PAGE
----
What is a Petty Misdemeanor?
A petty misdemeanor is a small violation, prohibited by a statute. But it’s not a crime.
It has a maximum sentence of a fine only, of $300 or less. Minnesota Statutes Section 609.02, subd. 4a; Minnesota Rules of Criminal Procedure 23.01.
The law does not allow arrest or jail, before or after “conviction.”
Can result in a public “conviction” record
In Minnesota, even though a petty misdemeanor violation is “not a crime;” the charge does result in a “conviction” (unless a non-conviction outcome such as dismissal).
Though this should not damage a person’s reputation, occupational licensing and job prospects, it may. Better to avoid this legal and social ambiguity by avoiding even a petty conviction. A good defense attorney can help accomplish that.
What about a Misdemeanor “certified as a Petty” or on the courts “payables list”?
A misdemeanor charge can result in a petty conviction three ways:
- The sentence is within petty limits, or
- The prosecutor “certifies” the misdemeanor charge as a petty, or
- The misdemeanor is on the court’s payable offenses list.
Sentence is within petty misdemeanor limits
Though not addressed in Minnesota Statutes, the Court’s Minnesota Rules of Criminal Procedure 23.02 says: “A conviction is deemed a petty misdemeanor if the sentence imposed is within petty misdemeanor limits.”
The Court will certify a conviction as a Petty based on the sentence imposed, under this Court Rule. As a result, if the Judge imposes a sentence within the petty limits; a person adjudicated guilty of a gross misdemeanor charge would have a petty level of conviction. (The petty sentencing limits are no jail and fine of $300 or less.)
Can a prosecutor certify a misdemeanor charge as a petty misdemeanor?
The law addresses prosecutors attempting to certify a misdemeanor charge for prosecution as a petty. See, for example, Minnesota Rules of Criminal Procedure 23.04. What does that mean? On the positive side, a petty conviction is less serious than a misdemeanor conviction. But on the other hand, it takes away the constitutional right of the accused to a jury trial.
The accused can object and ask the judge to prevent this. Anytime a prosecutor can unilaterally strip a person of their fundamental rights; is constitutionally suspect. And the public record of the person with misdemeanor charges “certified as a petty” will show the misdemeanor charge. This can have serious consequences.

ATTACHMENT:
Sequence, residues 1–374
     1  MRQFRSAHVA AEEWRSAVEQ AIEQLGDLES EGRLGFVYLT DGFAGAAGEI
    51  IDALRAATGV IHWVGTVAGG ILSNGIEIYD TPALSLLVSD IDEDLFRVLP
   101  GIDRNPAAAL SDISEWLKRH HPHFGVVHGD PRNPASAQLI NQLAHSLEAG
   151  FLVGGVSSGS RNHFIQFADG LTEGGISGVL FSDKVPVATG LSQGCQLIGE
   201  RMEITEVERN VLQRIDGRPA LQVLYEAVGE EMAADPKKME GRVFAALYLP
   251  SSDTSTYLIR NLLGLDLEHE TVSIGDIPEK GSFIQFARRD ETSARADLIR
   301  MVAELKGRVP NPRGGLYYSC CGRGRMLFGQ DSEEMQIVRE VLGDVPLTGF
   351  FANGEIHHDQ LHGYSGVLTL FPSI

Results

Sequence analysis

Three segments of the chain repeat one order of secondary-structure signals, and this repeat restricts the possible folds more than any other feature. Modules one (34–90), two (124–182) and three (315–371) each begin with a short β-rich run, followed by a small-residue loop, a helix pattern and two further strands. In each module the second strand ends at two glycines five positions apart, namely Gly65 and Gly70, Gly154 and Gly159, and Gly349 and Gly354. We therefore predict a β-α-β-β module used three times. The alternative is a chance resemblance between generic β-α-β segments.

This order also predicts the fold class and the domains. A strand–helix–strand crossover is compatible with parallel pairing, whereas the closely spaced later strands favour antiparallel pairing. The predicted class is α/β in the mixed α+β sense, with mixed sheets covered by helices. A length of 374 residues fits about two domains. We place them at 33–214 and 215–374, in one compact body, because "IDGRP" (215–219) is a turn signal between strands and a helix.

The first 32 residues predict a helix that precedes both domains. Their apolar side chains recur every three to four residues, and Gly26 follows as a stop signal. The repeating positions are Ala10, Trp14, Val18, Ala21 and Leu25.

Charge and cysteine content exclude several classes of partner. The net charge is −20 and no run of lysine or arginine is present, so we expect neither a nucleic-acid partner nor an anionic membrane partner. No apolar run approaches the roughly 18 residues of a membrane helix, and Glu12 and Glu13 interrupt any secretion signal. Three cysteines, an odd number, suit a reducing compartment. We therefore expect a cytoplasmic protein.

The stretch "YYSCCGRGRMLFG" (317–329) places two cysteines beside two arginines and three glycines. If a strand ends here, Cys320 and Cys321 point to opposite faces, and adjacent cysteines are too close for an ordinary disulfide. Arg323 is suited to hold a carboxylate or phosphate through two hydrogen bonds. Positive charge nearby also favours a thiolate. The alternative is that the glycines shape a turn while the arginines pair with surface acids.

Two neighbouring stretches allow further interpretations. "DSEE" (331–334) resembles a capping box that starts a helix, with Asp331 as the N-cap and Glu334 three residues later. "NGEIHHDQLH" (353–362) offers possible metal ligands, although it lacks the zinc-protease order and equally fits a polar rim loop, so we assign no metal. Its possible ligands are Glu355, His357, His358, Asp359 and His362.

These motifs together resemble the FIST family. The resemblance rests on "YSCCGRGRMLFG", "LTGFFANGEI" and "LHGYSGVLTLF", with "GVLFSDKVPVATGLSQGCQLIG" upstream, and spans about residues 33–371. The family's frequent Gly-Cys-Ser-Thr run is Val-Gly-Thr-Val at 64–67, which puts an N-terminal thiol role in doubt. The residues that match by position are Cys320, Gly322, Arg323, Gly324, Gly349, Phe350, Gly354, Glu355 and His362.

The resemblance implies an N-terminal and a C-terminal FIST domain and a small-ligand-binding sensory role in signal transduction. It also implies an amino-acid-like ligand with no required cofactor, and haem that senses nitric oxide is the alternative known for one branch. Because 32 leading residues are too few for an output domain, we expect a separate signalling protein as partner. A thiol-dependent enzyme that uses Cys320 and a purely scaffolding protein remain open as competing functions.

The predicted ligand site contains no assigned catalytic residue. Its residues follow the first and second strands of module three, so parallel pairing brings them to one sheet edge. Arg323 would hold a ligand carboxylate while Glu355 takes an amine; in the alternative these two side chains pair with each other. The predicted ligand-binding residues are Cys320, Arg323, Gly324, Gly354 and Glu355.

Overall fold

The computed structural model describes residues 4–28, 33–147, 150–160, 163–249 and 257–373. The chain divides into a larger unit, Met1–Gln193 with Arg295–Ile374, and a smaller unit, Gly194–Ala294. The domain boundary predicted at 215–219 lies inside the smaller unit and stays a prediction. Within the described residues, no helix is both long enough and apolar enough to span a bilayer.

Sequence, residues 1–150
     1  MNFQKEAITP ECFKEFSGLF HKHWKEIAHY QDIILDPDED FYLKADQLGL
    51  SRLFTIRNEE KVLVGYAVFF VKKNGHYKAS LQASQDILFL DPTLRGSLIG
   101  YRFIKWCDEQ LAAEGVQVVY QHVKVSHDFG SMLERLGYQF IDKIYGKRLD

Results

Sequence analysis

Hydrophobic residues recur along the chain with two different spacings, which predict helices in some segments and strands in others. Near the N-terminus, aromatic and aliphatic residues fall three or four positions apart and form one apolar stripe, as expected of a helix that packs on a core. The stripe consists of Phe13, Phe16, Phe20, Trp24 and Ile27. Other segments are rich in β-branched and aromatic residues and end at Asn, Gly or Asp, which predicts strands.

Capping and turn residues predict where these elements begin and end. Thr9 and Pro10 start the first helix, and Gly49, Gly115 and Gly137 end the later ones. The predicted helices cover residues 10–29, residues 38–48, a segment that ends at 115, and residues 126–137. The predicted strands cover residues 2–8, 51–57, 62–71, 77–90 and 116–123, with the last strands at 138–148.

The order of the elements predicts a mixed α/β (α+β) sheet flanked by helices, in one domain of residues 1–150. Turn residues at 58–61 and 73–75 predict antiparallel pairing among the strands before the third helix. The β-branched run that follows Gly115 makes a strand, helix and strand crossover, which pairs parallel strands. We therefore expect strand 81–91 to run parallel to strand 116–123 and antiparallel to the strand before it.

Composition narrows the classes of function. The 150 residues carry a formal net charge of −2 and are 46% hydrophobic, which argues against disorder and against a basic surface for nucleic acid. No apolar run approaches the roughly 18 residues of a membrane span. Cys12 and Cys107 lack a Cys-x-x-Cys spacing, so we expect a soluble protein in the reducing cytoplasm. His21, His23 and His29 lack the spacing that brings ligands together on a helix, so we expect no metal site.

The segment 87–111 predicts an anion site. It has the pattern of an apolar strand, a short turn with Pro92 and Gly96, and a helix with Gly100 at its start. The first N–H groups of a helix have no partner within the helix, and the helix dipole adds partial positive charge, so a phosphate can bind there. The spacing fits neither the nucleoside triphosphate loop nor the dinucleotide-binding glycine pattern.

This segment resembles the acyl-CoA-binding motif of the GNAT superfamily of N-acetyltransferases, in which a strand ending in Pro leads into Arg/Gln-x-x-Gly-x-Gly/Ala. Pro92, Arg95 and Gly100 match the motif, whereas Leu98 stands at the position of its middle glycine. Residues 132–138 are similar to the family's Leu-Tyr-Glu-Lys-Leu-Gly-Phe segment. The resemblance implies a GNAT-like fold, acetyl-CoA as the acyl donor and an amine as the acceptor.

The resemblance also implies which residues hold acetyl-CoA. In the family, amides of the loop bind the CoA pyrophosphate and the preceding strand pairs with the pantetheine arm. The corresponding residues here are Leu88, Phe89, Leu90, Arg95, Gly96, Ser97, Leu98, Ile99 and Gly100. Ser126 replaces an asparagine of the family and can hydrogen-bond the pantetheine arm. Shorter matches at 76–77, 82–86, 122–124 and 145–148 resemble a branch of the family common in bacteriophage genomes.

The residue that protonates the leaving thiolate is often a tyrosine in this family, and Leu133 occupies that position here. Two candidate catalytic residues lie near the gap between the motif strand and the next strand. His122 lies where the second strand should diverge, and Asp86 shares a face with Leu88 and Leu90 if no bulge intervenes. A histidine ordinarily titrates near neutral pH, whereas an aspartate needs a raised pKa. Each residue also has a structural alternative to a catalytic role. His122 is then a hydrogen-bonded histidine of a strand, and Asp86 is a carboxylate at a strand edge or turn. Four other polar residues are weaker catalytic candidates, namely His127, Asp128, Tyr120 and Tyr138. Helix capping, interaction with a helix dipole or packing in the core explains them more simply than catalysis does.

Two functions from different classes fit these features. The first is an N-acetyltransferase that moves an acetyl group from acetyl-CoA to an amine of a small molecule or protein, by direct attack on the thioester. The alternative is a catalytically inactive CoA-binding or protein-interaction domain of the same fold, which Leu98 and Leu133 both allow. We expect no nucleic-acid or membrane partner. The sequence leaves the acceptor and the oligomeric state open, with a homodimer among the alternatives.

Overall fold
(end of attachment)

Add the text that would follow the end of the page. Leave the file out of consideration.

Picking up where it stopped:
We should not allow the prosecutor to strip the accused of her right to a jury trial, against her will. Because this creates a public record of conviction of a misdemeanor charge, even with a petty sentence.
Minnesota court’s payable offenses list
The Minnesota Court develops and maintains a list of “payable offenses” or “payables.” An “offense” is a crime; a felony, gross misdemeanor or simple misdemeanor. A petty misdemeanor is a “violation,” not an offense.
So, a “payable offense” conveys: “a charge for which a person can pay a fine without going to court.” Just paying the fine results in conviction.
As reviewed above, if the sentence is within the petty limits, the “offense” becomes a petty misdemeanor “conviction.” The Minnesota court makes the list of payable offenses available online. But usually a citation for a payable offense will suggest payment of the fine.
A person cited for a misdemeanor payable offense has the right to arrange a court date. Once at court, she can try to prevent a conviction from going on her public court record.
One example of a misdemeanor payable offense is marijuana in a motor vehicle (small amount – plant form). A police officer may suggest “you don’t even need to go to court,” as if that’s a good thing. But if you mail in the fine, you’ll have a petty conviction of a misdemeanor charge on your court record.
In addition, the court administrator will then certify the motor vehicle related conviction to the Minnesota Department of Public Safety (DPS).
DPS will then include it on your driver’s license record. DPS will also revoke your driver’s license for a minimum of 30 days. It’s often worth fighting it in court, and hiring a defense lawyer to improve your effort.
Are all traffic violations petty misdemeanors?
Most Speeding and other traffic, driving, drivers license and motor vehicle-related offenses are petties, but some are not.
Some could be either, depending how the prosecutor decides to charge them. For example, a prosecutor could charge a speeding ticket as a misdemeanor or as a petty. (Petty is more common.)
Driver’s license record
Driving and motor vehicle-related convictions are certified to the Minnesota Department of Public Safety for inclusion on the driver’s license record. And sometimes suspension or other action against the driver’s license follow.
Can police arrest a person for a petty misdemeanor?
No. Police who detain a person on suspicion of a petty must release the person with a citation, without further arrest. Minnesota Rules of Criminal Procedure 6.01, subd. 1 (c).
Police cannot lawfully arrest a person for a petty.
We hope that this page has helped you understand the meaning of a petty misdemeanor in Minnesota. Though it is the smallest type of criminal law charge, it can still cause problems.
No one wants their insurance rates to go up for a speeding ticket on their driver’s license record. Too many petty traffic violations within 12 or 24 months can also trigger an “habitual violator” license revocation. And people working in the medical or human services fields can face occupational licensing or employment issues, even due to petty misdemeanor convictions.
Call Minneapolis Defense Lawyer Thomas Gallagher at 612 333-1500